(d) means for combining the output of (a) means and the output of (c) means.
14. A device for producing envelope modulated waves comprising;
means for generating two angular modulated waves relatively free of envelope modulation the sum of said waves is essentially a double-sideband suppressed carrier wave with a single upper and lower sideband component for every input signal spectral component,
separate means for amplifying each of said two angular modulated waves,
means for amplifying an unmodulated wave that has a frequency equal to the arithmetic means of said double-sideband suppressed carrier wave, and,
means for combining the outputs of the three amplifying means to produce an envelope modulated wave.
15. An Armstrong type modulator suitable for use in hybrid modulation transmitters comprising;
(a) balanced modulator means whose signal port is connected to an input signal source and whose carrier port is connected to a source of angular modulated waves,
(b) means for shifting the relative phase of a sample of the angular modulated waves and the output of the balanced modulator means by 90 degrees,
(c) means for controlling the amplitude of the angular modulated wave sample as a function of the input signal so that the phasor sum of the quadrature related controlled amplitude angular modulated wave and the wave generated in said balanced modulator means has essentially a constant amplitude envelope, and,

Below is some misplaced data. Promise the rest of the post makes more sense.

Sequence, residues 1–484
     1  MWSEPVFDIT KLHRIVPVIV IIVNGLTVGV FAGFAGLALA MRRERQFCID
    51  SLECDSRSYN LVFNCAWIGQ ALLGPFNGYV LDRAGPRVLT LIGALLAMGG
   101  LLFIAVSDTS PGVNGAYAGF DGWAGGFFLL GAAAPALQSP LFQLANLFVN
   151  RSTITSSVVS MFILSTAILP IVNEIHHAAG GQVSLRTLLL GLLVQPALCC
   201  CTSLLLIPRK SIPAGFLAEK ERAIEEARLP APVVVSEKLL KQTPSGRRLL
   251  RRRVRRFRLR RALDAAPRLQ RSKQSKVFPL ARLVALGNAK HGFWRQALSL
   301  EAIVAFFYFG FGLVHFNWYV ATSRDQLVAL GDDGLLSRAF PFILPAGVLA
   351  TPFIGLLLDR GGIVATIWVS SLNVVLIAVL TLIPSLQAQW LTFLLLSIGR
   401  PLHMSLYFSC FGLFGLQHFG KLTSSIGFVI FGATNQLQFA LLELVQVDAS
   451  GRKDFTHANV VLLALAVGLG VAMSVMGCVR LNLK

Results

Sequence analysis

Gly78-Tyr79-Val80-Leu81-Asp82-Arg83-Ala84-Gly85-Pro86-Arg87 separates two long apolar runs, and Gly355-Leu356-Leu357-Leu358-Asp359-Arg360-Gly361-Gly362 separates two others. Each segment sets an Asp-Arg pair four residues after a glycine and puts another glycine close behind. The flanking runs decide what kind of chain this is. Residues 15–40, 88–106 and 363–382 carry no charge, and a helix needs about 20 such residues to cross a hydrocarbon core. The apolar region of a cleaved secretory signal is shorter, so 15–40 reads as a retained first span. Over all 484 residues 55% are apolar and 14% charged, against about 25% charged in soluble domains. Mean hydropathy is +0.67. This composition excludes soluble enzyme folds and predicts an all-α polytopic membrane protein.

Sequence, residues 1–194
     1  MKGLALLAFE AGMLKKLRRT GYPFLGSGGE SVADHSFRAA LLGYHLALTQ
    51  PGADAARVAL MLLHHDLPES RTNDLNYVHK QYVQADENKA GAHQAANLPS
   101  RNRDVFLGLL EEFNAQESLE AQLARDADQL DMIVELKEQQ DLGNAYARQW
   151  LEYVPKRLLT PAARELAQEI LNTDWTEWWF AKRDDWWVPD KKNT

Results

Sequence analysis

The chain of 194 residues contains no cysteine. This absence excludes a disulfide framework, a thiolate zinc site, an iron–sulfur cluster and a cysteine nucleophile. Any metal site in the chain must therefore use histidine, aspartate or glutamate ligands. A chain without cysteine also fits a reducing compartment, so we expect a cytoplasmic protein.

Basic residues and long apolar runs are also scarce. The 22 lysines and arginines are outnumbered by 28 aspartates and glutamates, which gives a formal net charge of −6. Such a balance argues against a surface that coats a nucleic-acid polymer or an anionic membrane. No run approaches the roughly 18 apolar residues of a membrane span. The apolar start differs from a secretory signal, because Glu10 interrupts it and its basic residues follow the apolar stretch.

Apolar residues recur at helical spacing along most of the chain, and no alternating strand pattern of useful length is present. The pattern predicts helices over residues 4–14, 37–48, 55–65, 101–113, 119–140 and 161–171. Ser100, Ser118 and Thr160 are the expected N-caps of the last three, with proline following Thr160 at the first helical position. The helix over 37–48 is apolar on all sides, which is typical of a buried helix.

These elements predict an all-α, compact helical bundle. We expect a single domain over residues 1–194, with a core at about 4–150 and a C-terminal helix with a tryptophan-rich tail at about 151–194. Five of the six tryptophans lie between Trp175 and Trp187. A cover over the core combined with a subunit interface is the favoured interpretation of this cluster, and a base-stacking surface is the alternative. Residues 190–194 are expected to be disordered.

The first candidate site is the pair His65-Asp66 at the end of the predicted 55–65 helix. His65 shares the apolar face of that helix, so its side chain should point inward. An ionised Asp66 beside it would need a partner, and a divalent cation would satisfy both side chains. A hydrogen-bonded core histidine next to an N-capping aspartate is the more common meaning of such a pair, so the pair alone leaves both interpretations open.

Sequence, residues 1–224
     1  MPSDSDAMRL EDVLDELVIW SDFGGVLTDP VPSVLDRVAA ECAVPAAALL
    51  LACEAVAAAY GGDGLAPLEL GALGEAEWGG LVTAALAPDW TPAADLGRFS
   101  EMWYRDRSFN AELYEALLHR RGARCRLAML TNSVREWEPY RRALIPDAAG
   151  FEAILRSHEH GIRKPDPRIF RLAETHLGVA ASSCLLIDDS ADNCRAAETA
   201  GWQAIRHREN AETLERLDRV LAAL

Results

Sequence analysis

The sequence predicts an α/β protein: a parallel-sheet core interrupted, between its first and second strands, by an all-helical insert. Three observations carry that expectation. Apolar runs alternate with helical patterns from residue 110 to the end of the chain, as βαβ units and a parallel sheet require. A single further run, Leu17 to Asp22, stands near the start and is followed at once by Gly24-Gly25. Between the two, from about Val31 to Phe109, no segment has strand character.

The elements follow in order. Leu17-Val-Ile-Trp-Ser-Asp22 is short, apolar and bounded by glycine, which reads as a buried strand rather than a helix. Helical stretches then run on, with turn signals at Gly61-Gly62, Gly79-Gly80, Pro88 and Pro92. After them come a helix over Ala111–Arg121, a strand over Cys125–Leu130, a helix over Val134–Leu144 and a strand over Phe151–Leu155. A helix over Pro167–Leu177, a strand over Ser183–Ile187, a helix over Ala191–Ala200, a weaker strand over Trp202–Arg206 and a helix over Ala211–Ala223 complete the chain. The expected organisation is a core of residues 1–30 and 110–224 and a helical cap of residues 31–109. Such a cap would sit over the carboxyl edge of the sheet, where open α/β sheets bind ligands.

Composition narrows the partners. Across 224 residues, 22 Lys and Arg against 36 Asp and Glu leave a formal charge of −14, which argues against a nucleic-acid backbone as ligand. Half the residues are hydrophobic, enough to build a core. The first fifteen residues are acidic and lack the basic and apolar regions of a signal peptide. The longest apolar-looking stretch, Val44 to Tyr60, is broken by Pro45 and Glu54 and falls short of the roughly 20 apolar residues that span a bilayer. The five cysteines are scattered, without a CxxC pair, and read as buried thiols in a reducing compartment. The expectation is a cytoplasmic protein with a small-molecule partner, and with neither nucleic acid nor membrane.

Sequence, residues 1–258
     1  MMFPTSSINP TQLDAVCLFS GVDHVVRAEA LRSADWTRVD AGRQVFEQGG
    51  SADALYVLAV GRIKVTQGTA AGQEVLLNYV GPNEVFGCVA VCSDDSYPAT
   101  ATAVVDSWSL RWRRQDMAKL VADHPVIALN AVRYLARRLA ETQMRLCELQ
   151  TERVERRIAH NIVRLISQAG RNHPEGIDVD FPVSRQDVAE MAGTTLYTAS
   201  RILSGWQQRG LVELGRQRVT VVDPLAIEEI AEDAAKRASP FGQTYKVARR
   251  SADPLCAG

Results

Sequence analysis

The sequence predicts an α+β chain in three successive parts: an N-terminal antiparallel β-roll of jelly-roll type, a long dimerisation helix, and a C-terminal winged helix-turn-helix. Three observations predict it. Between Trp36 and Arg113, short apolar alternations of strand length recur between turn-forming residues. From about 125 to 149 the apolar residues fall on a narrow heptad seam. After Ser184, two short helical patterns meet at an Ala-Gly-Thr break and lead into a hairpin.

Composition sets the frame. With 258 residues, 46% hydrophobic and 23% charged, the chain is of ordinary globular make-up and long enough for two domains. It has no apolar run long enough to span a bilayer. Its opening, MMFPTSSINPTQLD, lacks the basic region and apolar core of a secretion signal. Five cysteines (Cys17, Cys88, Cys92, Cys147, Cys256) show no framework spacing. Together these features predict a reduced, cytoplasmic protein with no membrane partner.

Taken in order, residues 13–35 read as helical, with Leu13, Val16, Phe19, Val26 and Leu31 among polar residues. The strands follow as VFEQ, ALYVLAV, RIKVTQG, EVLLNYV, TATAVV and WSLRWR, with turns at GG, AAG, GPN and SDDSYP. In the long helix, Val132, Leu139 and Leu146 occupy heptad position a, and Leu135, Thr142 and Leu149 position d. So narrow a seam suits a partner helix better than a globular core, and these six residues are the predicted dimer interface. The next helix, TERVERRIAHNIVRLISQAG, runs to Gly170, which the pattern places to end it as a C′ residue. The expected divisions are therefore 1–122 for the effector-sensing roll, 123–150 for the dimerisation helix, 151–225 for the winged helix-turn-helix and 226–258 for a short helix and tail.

(d) means for combining the resulting two quadrature related waves.
16. An Armstrong type phase modulator incorporating a nonlinear circuit, which, when fed by a modulating signal produces a wave which only controls the amplitude of a carrier or reference angular modulated wave so that the sum of the carrier or reference wave and a double-sideband suppressed carrier or reference wave, generated by a balanced modulator whose signal input port is also fed by said modulating signal and whose suppressed carrier or reference wave is in quadrature with the said first carrier or reference wave is a substantially constant amplitude wave,
said nonlinear circuit comprising a squaring means which squares the modulating signal voltage, a difference circuit connected to the output of the squaring means and which subtracts the output of the squaring means from a dc voltage, and a square root means which is connected to the output of the difference means.
One of the oldest problems of communications engineering is how to efficiently produce double-sideband amplitude modulated waves and other envelope modulated waves Numerous amplitude modulation systems have been proposed and a large variety of such systems are in current use, including plate or collector modulation, forms of pulse width modulation, Doherty modulation, and Chireix modulation.
Chireix modulation, although a very modern appearing system, was originally disclosed by its French inventor in the early 1930s. The Chireix system, shown in block form in FIG. 1, is discussed in more detail below where improvements on this ingenious system are disclosed.